Thank you for the question.
    It would certainly have an impact. It would drive up some of our costs. One of the things about the uranium mining industry in northern Saskatchewan is that we are a very low carbon emitter. A recent study from the University of Saskatchewan, which I think was released a couple of weeks ago, demonstrates that our emissions are very low. If you look at the life cycle of GHG emissions in the nuclear sector, you'll see that, not surprisingly, they are very low.
    One of the areas where we do have a particular interest is the impact we have on global climate change. As I am sure committee members are aware, climate change is an atmospheric challenge. It doesn't really matter where the emission reductions are taken, the impact is the same. As I said, with chemical uranium, about 2.5 billion tonnes of carbon are taken out of the atmosphere every year from electricity generation, if that electricity is generated from nuclear and not using fossil fuels. We are obviously interested in the global impact we have, and whether that may be taken into account as the federal government is looking to work with the provinces on their climate change strategy. What does that look like? Is there any opportunity for us to garner some credit for the impact we have globally?
    What was that number again?
    It's about 2.5 billion tonnes of carbon annually. Let me just refer to my notes.
     Bill Bennett, somebody we know well, mentioned to me that every time you take one coal-fired power plant offline in China, it makes B.C.'s GHG emissions neutral. I think that's a vison we have to take, more of a global vision, whether it's LNG or uranium. The impact we have globally is something that I think we should have as an idea as well.
    Mr. Beaty, did you want to add to that?


    Yes. Let's remember that the oil price has gone from $110 a barrel to $45 a barrel. That is a very profound benefit to every single user of oil in Canada. The offset against a very small increase in a carbon tax, for example, is minimal compared to that. There has been this huge benefit to every single user of fossil fuels, and a carbon tax hardly changes that in terms of driving costs.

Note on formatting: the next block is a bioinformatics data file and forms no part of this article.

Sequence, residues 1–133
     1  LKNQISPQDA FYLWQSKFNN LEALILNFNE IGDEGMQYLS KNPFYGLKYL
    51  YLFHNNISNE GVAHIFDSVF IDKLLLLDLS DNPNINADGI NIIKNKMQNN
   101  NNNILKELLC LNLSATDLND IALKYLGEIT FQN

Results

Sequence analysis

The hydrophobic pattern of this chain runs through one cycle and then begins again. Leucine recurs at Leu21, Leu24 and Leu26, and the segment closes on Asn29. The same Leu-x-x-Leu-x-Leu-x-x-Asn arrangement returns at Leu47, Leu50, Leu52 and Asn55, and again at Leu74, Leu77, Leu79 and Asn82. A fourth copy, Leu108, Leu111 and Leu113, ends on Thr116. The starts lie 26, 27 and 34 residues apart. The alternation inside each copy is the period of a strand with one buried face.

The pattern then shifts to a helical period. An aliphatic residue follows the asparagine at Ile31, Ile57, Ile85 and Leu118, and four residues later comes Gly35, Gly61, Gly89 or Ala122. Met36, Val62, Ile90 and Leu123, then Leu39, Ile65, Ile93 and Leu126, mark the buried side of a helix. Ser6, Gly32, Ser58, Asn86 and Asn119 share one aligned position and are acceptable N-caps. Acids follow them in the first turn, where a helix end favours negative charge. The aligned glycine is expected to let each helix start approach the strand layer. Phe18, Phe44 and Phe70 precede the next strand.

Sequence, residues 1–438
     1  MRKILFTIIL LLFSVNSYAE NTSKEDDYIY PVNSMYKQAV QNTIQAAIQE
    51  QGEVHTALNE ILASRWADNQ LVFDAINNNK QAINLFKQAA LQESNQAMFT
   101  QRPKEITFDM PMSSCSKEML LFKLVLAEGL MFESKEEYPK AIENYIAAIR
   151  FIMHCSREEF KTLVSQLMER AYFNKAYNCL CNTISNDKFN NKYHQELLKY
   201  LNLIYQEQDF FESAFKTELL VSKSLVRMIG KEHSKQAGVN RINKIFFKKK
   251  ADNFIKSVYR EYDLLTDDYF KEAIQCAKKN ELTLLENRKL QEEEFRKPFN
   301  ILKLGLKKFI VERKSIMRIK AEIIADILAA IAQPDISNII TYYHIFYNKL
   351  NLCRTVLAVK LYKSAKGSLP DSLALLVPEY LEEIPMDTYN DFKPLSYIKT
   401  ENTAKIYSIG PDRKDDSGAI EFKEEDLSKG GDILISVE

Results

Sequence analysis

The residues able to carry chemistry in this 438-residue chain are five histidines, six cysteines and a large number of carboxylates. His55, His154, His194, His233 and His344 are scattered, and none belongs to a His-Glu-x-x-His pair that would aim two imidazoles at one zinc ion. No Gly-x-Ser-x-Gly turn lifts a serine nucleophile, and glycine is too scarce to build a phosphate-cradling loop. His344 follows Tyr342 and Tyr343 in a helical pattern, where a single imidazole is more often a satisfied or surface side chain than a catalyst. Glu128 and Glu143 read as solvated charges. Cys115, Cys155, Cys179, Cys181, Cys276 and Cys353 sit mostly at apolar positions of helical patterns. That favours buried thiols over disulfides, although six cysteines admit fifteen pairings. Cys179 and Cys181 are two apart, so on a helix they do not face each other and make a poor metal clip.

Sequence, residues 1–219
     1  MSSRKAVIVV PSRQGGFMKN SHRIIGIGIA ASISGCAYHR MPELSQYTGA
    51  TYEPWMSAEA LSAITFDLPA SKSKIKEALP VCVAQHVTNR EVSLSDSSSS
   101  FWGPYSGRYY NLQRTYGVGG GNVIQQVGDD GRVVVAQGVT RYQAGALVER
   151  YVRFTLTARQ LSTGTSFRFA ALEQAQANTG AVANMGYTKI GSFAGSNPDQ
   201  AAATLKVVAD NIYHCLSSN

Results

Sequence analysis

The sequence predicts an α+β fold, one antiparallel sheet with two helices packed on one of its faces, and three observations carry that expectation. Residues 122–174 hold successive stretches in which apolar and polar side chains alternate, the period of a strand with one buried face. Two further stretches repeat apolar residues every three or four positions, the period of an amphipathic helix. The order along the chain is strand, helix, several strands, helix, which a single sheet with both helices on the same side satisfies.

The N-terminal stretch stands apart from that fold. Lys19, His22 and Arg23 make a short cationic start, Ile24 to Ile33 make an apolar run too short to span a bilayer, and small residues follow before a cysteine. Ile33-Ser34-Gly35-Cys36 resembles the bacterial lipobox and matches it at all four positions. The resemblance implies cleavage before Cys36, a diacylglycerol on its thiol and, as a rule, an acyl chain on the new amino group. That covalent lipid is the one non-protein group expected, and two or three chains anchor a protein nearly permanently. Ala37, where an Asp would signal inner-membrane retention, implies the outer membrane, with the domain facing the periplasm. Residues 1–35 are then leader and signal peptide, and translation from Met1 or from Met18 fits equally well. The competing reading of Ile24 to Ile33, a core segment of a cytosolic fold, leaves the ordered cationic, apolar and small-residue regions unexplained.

The second thing is that, for export industries in Canada such as mining companies, there should be some kind of offset to a carbon tax that makes the products more competitive internationally in places where there are no carbon taxes.
    The third thing is that increasing the cost of something like energy input creates innovation that reduces that cost. That's really what drives innovation, companies trying to reduce their costs, trying to find better ways to do things. That is why Canada has such a strong mining industry and some core advantages, because we are good at doing that. We respond to these forces, and we find better solutions. I think what we are going to get to is a really strong, innovative clean tech industry coming out of something like a carbon tax.
    Mr. Beaty, you were talking about the burden of the regulatory regime and that it can be a deterrent to mining. I noticed that Pan American Silver doesn't have any operations in Canada. Is this a reason? I know we are not a huge silver—
    —not even in the top 10.
    Is that a reason why your company is not exploring?
    Not at all. We are focused on silver. Canada is not a major silver producer in the world. Mexico is. Peru is. You have to go where the resource is.
    I can speak about Canadian mining companies that are working overseas. It's not as much impact on Canada specifically, on Canadian jobs, but it is certainly an impact on things like head offices, as well as what our reputation is in the world and how we are doing things in the world that we could maybe apply to Canada. That's the connection there.
     How am I doing?
    That's your time.
    Thanks, gentlemen. I appreciate it.
    We're almost out of time.
    I have one question, Mr. Austin. Just to pick up on something Mr. Barlow asked you and something Mr. Beaty said, if there's a carbon pricing mechanism put in place, then do you agree with the concept that if the money stays in the province of Saskatchewan, for example, that money can drive innovation or be used to motivate innovation?
    There are a couple of things in answer to that.
    We believe a carbon tax is the most efficient way, provided that you are looking at it in concert with other regulatory impacts. A carbon tax with other regulatory impacts may have some inefficiencies. Yes, we believe that a carbon tax is the most efficient way.
    As Mr. Beaty said, a carbon tax is a way to drive innovation, because it will drive up costs in certain areas, such as energy inputs, but also drive up straight costs to pay for the emissions.
    As we talked about earlier today, the market that the mining sector in Canada is operating in is looking for ways to reduce costs and find efficiencies. If those costs are driven up even marginally, we will be searching for ways to get our costs back in line to where they were to make us profitable companies.